Caricature of a Man Wearing an Overcoat
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Giovanni Battista Tiepolo
Italian, Venice, 1753 - 1762
Pen and black ink, gray wash
8 1/4 x 5 1/2 in.

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Giovanni Battista Tiepolo captured this man's flamboyant character with few lines. Thin strokes exaggerate his birdlike features, which include a nose that resembles a beak, spindly legs, and duck-toed feet. Fluid washes and pen lines are applied sparingly to his costume and puffy wig. The man seems oblivious to his ridiculous looks, an exaggeration that is typical of caricature--a comical style of portraiture.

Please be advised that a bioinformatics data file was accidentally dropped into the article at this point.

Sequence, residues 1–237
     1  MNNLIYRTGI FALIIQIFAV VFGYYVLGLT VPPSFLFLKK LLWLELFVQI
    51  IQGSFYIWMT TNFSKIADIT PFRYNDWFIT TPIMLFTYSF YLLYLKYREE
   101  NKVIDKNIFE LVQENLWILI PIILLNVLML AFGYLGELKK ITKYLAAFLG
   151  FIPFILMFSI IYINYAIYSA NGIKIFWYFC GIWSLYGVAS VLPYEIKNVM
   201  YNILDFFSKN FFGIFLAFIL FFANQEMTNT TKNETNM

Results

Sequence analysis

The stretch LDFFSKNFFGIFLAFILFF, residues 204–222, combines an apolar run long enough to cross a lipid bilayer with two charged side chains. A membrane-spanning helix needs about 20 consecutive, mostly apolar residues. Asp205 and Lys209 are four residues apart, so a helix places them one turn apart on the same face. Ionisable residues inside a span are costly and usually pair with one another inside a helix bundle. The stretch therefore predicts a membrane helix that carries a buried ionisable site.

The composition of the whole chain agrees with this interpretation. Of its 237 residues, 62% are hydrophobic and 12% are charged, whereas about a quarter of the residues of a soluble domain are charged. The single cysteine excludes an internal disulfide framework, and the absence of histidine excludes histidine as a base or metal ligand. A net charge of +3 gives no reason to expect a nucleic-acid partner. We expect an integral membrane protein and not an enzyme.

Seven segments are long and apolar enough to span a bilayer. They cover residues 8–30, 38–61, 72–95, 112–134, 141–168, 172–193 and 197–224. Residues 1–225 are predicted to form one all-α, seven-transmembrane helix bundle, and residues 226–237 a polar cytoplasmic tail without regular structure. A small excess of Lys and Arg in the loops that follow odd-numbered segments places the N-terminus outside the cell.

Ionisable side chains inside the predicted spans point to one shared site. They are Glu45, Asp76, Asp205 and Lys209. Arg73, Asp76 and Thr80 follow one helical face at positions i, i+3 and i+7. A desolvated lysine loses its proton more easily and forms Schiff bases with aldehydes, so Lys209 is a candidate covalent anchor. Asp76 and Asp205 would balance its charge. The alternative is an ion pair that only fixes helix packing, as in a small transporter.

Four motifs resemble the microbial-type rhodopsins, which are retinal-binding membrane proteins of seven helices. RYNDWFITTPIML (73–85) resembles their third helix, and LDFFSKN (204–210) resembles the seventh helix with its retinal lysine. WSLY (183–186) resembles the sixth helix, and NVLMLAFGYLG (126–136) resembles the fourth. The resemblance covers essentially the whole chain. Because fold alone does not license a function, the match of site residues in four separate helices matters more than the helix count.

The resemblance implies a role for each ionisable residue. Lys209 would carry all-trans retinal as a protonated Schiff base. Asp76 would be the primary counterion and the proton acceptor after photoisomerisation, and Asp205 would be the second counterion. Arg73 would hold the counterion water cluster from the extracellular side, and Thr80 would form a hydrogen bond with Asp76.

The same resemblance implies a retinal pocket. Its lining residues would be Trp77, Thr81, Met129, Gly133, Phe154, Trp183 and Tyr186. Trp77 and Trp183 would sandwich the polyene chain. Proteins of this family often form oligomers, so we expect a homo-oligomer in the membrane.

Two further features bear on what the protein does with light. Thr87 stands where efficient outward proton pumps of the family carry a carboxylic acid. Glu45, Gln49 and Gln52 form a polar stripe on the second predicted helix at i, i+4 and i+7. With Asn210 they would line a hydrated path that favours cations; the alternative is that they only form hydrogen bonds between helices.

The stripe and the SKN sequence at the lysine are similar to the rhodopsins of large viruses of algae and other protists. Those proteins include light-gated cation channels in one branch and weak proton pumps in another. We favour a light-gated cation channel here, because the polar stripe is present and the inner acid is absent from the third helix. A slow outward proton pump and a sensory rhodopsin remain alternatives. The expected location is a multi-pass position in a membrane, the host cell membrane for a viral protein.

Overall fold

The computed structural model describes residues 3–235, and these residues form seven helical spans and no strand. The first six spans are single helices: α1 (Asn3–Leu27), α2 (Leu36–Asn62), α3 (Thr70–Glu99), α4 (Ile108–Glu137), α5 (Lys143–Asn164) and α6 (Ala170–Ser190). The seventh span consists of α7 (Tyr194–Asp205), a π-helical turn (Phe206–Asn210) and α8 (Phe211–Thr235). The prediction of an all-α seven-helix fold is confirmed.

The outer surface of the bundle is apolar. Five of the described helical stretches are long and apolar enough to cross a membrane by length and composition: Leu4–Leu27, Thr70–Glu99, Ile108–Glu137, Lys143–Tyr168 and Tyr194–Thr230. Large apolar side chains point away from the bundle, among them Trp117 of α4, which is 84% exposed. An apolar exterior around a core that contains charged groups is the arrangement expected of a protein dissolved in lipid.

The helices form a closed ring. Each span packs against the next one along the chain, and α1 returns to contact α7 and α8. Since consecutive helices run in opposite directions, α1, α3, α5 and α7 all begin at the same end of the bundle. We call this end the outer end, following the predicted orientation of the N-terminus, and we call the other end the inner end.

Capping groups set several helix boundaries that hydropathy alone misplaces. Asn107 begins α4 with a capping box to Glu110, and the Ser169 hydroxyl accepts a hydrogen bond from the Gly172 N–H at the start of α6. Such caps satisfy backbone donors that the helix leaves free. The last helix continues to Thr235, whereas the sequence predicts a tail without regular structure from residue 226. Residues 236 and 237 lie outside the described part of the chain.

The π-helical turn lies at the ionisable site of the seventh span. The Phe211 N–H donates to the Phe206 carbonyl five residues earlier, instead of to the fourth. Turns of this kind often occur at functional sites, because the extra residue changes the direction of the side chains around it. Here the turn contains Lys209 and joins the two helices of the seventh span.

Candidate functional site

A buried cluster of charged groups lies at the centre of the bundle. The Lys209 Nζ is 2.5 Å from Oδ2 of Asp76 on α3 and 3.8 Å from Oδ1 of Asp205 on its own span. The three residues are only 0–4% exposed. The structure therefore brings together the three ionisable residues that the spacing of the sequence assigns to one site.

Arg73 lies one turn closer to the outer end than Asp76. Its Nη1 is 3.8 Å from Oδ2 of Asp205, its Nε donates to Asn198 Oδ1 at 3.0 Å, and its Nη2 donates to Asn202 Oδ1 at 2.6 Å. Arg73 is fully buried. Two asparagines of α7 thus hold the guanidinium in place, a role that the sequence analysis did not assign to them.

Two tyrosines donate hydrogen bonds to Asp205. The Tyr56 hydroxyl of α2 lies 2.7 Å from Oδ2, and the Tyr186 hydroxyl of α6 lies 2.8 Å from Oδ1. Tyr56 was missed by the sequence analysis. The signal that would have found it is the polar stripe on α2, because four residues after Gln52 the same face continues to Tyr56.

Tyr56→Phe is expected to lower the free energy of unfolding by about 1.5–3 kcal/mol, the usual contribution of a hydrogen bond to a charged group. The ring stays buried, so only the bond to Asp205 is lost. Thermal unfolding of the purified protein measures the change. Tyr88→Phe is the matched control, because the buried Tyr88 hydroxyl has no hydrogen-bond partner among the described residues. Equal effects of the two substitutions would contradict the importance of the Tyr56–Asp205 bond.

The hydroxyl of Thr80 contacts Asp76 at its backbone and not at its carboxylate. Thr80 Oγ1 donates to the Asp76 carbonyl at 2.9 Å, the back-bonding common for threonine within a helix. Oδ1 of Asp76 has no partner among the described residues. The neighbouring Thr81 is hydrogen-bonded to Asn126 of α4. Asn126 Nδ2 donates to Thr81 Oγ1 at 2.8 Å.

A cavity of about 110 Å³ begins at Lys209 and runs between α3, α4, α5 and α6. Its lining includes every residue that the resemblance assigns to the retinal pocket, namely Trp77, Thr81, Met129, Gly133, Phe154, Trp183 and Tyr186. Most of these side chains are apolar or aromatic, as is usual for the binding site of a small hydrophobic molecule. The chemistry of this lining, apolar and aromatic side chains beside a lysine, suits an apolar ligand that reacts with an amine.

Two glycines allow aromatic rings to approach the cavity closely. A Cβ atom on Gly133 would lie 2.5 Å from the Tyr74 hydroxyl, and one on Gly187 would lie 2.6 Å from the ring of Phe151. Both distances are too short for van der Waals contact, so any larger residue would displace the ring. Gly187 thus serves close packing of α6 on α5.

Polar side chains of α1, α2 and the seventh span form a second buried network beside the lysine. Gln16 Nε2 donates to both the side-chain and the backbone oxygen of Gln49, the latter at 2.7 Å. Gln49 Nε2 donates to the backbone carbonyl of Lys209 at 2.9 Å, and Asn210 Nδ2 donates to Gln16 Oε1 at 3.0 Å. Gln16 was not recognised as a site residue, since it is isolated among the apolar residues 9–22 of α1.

Leonardo da Vinci first sketched caricatures in the 1500s, and Italian artists centuries afterward furthered the genre. Working two hundred years after Da Vinci, Tiepolo drew caricatures like this funny-looking man in addition to the serious subjects for which he is known. He made these drawings as independent works of art, sometimes for his own amusement. His drawings cast anonymous people as stereotypes, such as lawyers, dandies, doctors, and hunchbacks.